"I think that's how you deal with these buildings, a user who can afford to fix them up and pay rent, but it's a compatible use. This is not turning it over for private real estate development. We don't need apartments out there or whatever."
That part of Williams' spiel may come treading on little cat feet, but there is a heavier boot in some of his longer rhetoric for Fair Park. Nothing will ever be fair about Fair Park, he insists, and Fair Park will never be a real park until it throws open its gates and connects with the community around it.
Williams has backed off the land-use map in the first draft of the DiMambro plan and says he thinks he and the community leaders he supports might be able to negotiate some other arrangement with the fair, perhaps less an out-and-out relocation than a constriction of the pay-wall fence closer in around the heart of the fair.
But one way or another, he believes some significant amount of building space inside Fair Park must be opened up for enterprises, perhaps both public and private, that will foster employment and opportunity in surrounding neighborhoods. The need outside the fence is too great for the party inside the fence to continue unaffected and uninvolved.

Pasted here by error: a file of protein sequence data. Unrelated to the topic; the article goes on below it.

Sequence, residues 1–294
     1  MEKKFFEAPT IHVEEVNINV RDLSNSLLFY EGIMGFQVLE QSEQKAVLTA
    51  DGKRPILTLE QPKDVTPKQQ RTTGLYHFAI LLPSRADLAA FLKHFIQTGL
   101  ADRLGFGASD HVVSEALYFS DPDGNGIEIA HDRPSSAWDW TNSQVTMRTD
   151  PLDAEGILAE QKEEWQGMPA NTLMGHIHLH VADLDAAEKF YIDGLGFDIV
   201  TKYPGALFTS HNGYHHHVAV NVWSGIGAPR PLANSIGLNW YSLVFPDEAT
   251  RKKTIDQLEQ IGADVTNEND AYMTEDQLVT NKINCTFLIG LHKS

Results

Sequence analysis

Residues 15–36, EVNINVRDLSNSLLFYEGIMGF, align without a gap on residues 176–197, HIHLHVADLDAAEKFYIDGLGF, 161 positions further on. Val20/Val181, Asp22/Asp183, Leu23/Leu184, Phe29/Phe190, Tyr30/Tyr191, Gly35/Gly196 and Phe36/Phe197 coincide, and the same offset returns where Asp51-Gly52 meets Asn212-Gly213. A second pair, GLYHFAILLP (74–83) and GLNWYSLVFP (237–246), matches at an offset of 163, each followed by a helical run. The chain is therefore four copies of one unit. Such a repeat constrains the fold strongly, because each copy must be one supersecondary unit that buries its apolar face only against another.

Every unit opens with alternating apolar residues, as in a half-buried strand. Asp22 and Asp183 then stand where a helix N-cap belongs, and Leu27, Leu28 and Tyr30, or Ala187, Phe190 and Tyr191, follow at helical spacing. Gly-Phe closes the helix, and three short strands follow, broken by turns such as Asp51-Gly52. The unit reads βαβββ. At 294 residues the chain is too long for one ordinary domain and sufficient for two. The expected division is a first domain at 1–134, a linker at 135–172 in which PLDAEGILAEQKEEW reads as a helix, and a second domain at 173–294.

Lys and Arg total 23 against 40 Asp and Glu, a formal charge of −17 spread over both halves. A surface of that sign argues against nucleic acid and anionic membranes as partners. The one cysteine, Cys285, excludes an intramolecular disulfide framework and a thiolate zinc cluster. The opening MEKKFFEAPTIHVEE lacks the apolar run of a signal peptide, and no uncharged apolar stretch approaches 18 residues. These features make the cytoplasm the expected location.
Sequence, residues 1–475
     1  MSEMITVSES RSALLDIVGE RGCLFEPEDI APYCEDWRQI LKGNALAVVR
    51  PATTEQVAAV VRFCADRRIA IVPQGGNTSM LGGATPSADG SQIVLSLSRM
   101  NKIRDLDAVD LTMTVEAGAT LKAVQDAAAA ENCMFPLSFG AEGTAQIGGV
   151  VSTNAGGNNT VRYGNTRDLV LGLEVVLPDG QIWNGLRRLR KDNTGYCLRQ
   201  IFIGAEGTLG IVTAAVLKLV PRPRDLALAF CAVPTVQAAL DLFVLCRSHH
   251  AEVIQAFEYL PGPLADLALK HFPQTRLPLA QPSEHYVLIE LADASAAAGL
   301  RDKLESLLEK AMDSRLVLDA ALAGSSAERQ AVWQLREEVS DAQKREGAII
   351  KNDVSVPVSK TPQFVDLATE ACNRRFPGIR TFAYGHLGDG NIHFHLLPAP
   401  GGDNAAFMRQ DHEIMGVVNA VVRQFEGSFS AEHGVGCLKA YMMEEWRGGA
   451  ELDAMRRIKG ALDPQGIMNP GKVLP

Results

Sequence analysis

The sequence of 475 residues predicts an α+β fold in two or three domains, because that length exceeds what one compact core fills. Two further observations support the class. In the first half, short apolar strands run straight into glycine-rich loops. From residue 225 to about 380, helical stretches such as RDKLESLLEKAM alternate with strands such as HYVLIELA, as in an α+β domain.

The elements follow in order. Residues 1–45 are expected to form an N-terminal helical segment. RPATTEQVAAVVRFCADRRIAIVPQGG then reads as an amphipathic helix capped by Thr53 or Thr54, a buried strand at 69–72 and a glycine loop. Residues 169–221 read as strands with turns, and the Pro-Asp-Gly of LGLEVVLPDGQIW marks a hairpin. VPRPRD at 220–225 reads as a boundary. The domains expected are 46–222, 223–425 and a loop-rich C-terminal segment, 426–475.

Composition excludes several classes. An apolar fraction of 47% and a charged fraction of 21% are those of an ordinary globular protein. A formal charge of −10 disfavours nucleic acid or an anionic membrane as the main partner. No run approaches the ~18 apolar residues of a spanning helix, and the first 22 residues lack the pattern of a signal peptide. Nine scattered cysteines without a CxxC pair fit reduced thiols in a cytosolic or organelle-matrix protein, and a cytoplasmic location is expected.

Onstage as an invited panelist at another public meeting at Fair Park, Williams told a huge and animated crowd, "The community surrounding Fair Park has 50 percent actual unemployment. Its demographics and its condition compare unfavorably to the Lower 9th Ward in New Orleans.
"How do you get jobs into this community?" he asks. "If you really revitalize the park, that will radiate value to the surrounding neighborhoods so that there can be tremendous new housing, there can be business growth, there can be educational facility growth.
"All of these things, as well as what happens in the park if it is revitalized, generate real jobs, year-round jobs, not seasonal jobs parking cars in a yard during the fair. That's what this community needs — is real jobs. Good jobs beget more jobs."
The concept of permanent tenants in the historic structures at Fair Park sends shivers down the spines of the city's preservation advocates. Virginia McAlester, author of the nationally renowned book A Field Guide to American Houses and a longtime advocate for architectural preservation in Dallas, believes that the unique nature of Fair Park argues against any heavy-handed rearrangement or alteration of the historic buildings in the park. "There truly is nothing else like it in the world," she says.